In Eyes Wide Shut, Tom Cruise’s cruise through New York City’s carnal underworld is made much smoother by his handy ”New York State Medical Board” card, which seems to bestow upon him some sort of Agent Mulder status. Cruise flashes it to get information from a waitress, to interrogate a hotel clerk, to reassure a skittish shopkeeper, and to get face time with a dead body at a hospital. So what is this rather useful medical carte blanche?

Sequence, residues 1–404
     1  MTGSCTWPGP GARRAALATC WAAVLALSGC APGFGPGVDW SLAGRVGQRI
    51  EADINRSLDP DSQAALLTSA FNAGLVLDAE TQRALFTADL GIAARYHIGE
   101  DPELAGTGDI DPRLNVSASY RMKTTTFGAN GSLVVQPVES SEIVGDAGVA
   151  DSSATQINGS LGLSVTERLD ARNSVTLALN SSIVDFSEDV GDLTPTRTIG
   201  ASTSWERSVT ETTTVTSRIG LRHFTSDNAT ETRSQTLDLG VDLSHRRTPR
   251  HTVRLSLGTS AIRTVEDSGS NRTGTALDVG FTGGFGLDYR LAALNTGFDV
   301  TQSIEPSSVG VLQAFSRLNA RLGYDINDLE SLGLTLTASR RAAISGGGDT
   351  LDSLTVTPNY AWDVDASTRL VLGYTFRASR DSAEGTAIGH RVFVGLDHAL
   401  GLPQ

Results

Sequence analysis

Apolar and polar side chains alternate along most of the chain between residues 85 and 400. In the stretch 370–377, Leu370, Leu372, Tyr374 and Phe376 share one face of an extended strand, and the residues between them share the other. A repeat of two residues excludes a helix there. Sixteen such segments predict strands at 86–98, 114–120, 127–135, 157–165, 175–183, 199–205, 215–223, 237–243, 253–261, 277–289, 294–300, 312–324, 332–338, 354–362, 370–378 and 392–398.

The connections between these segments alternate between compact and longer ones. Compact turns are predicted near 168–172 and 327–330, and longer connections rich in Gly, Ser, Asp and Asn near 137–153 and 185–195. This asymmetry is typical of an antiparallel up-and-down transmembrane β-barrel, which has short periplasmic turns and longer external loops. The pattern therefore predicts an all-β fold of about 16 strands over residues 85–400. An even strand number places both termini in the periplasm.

A fictional creation. Although some physicians have hospital IDs, medical doctors aren’t issued open-sesame passes. In other words, you can’t really be a card-carrying member of the doctors’ club. And though an ersatz badge might fool a waitress or a store owner, according to Lynda Lees Adams, a spokesperson for the Medical Society of the State of New York, unless you work at the hospital or city morgue, no card would get you access to corpses. Says Adams: ”A private doctor would have to have a medical examiner write out a permission slip. There’s nothing they could just flash.” Not even an artistic license?